I loved this friendly goat!

Mama and baby!

Rabbits everywhere!

On our first morning at the farm, we had yet another collision with French culture.  Jean Pierre told us we could leave Zane and Arran alone in the gite if we wanted to, so we took the opportunity to go to the nearby town of Cluny.  Cluny is a very charming place, but we were there for lunch.  We made the mistake of stopping at the very first restaurant we came to that was open.  It was called Brasserie du Nord.

I shouldn’t say it was a bad place, per se.  It really wasn’t.  I did see one person leave a comment on a review in English that only the French could mess up French food.  Things got off to a shaky start when Bill misunderstood the waitress and we ended up ordering two half liters of wine.  An English speaking waiter came over to clarify and we only kept one bottle.  In retrospect, we should have definitely kept them both.

I had entrecote and frites there and they weren’t horrible, although the steak was a bit grisly and fatty.  It was also cooked well-done when I asked for medium.  But at least I wasn’t grossed out by it, which is more than I can say for Bill and his meal.  I hasten to add that it’s not the restaurant’s fault that Bill got grossed out.  You see, he fell victim to not knowing what he ordered.

Bill is a fan of spicy, smoked, cajun style Andouille sausage, which is found in Louisiana and was brought there by French people.  He thought he saw a dish with that sausage in it and was psyched that he’d be getting a treat.  He was a bit puzzled when his lunch came out and it had a very distinctive odor.  Although Bill’s people come from Arkansas and have eaten their share of exotic meats, he had never been faced with what he ordered in France… andouillette.  Andouillette is also sausage, but it’s made of chitterlings.  I should mention that in France, Andouille is also made of chitterlings.  In the USA, it’s made of pork shoulder roast.

I was pretty proud of Bill, though, because he gamely ate most of it.  And he didn’t complain too much, either.  He also ate dessert!

Cluny has a very impressive abbey.

We should have ordered more wine in light of Bill’s lunch.

Andouille… otherwise known as chitterlings.

My steak was not as scary.

Bill’s expression when he realizes what he’s eating.

I think he needed to recover.  Over Bill’s shoulder, you can see a guy wearing a hat.  We saw the same guy two days later eating at the same restaurant.  He’s obviously a very colorful regular.

I had tiramisu for dessert.

Bill had the apple tart of the day.  I think it came with butterscotch ice cream.

If you see this sign in France, take heed before you take the plunge.

Cluny offers a nice diversion.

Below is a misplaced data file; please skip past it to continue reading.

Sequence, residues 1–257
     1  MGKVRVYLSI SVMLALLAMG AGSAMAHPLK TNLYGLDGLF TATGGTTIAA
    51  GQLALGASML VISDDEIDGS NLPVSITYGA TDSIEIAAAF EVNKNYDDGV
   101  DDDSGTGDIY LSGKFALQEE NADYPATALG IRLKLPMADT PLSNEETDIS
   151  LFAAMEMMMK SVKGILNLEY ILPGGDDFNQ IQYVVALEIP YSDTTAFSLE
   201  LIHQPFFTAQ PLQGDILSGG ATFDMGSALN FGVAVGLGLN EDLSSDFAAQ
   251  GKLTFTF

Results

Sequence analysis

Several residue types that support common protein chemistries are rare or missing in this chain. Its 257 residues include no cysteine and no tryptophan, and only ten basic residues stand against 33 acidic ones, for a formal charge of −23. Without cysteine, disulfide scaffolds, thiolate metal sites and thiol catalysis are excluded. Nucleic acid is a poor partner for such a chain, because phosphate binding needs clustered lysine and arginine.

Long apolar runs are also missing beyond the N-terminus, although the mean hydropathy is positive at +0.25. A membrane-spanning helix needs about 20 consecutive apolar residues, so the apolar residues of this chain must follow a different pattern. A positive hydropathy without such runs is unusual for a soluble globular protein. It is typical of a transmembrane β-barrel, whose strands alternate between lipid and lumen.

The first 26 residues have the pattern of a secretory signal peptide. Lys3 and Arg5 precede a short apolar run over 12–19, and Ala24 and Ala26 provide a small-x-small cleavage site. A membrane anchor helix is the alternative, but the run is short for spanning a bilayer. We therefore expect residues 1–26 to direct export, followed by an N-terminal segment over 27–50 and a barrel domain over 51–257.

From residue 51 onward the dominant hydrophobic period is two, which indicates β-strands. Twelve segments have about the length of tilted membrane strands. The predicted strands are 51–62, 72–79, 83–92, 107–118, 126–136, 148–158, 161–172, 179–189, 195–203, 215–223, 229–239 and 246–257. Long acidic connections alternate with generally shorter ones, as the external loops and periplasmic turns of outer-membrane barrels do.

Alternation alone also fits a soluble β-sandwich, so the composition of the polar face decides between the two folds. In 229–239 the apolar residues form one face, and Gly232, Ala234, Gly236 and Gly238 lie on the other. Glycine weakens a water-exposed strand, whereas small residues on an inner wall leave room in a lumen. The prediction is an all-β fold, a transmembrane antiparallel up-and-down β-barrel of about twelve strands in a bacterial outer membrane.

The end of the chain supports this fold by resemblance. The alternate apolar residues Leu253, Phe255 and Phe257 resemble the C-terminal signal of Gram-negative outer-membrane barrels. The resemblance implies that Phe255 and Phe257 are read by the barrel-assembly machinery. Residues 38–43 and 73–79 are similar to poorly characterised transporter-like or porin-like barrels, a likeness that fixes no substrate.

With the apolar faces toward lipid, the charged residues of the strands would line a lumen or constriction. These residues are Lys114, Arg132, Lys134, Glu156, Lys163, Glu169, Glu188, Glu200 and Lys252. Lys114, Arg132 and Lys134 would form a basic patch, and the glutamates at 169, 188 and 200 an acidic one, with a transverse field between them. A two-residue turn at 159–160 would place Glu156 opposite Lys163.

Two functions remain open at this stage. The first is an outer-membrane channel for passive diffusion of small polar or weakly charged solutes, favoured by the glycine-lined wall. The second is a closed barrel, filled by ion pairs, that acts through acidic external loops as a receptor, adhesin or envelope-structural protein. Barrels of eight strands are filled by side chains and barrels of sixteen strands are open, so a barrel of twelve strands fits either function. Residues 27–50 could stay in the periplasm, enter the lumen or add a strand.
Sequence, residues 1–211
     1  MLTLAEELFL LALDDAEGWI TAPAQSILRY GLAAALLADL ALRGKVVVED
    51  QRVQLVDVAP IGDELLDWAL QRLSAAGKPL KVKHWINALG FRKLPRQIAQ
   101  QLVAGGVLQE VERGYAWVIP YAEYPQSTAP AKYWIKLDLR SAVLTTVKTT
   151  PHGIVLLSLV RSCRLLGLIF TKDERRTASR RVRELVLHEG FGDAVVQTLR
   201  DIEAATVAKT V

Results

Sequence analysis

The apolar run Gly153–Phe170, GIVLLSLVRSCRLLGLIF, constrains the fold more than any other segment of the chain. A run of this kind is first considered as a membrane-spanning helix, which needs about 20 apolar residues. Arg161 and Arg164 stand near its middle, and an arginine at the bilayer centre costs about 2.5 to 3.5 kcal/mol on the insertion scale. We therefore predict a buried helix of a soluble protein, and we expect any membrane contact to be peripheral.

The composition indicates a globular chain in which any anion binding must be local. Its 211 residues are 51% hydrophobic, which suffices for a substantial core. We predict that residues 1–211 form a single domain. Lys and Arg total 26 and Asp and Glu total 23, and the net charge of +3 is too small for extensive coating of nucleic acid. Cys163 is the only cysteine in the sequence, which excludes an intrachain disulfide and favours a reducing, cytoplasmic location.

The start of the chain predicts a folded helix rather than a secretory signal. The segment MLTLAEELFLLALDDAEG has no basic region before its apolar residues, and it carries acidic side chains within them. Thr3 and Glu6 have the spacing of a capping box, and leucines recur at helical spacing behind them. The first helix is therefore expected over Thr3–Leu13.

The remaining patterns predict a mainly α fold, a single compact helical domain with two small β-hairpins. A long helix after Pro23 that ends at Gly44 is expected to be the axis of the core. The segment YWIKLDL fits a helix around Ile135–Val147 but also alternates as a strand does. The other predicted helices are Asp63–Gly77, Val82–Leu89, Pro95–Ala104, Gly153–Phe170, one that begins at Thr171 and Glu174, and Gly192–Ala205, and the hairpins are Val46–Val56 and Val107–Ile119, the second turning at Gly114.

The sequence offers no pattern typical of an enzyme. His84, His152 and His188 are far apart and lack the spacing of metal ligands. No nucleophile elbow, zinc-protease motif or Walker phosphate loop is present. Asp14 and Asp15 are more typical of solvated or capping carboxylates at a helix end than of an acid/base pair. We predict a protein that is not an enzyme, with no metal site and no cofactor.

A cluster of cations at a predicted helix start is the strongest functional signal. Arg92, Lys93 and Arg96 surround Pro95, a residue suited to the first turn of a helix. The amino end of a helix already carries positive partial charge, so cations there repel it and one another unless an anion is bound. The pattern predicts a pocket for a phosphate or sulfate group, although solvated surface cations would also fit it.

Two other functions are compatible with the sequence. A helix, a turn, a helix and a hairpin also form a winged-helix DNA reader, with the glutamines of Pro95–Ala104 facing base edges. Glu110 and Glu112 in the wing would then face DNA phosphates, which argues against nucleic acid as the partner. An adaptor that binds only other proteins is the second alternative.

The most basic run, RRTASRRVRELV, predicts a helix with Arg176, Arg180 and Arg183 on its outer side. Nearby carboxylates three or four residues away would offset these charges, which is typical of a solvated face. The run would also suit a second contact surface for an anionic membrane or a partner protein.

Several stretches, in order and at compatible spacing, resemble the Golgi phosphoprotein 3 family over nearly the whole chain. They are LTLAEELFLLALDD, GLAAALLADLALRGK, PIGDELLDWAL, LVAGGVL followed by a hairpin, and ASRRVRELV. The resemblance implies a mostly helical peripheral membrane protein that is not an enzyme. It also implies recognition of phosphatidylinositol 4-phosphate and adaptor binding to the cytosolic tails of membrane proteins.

After lunch, I think we needed to go back to the gite and process things.  So we went back and rested for awhile… and Bill digested his pig intestines along with lots more wine.


Alsace and Burgundy… Snips and snails and puppy dog tails! pt. 5

Last October, Bill and I spent Columbus Day weekend in a cute little Hexagonal Tower in a town called Semur-en-Auxois.  While I was searching for that property, I saw another gite located further south that interested me.  The place is called Gite de la Maison Bleue and it’s located in a tiny little town called Saint Marcelin-de-Cray.  Now, before we visited this charming area, we had no idea of what was in Saint Marcelin-de-Cray.  In fact, having grown up in Gloucester, Virginia, I could almost say that our visit was kind of the equivalent of a French person vacationing in my hometown.  It’s what one might call “The real France”.

Anyway, I chose this particular property because it got amazing reviews on Booking.com and the pictures of it were awesome.  Also, it’s very dog friendly, which we needed because we brought Zane and Arran with us.  When I booked the property, it was going for just 90 euros a night.  There was supposed to be a 90 euro “security deposit”, but I don’t think our hosts ever collected it from us.

To get to Saint Marcelin-de-Cray, we had to drive about four hours south of Alsace, mostly on high speed roads.  Then, we drove for another hour or so on a smaller road through many quaint towns on Burgundy’s wine route.  I would have loved to have stopped for a couple of tastings.  Maybe next time, if we don’t have the dogs with us.  Or maybe even if we do.  Sophie and Jean Pierre, the people who own the gite where we stayed, were fine with us leaving the boys alone while we went out for lunch.

We did have problems actually getting to the gite.  Our GPS was not finding the property.  We had to call Sophie, whose heavily accented English is a bit rusty.  Jean Pierre speaks no English whatsoever. Fortunately, our years of living in Germany and visiting France have made us pretty good at figuring things out.  After driving around for awhile, we finally found our accommodations at the top of a serene hill.

There’s no need to worry about parking or poop bags.  Gite de la Maison Bleue is a working farm, so there’s poop everywhere.  Animal lovers will delight in the three horses, three llamas, nanny goat, donkey, rabbits, two dogs, cat, two sheep, chickens, ducks, geese, and a pig who currently has seven little piglets.  This place is also a snail farm and in the summer, you can go and get your fill of escargot.  As a matter of fact, we had occasion to try snails during our visit.  Much to my surprise, they didn’t gross me out.  In fact, I even enjoyed them.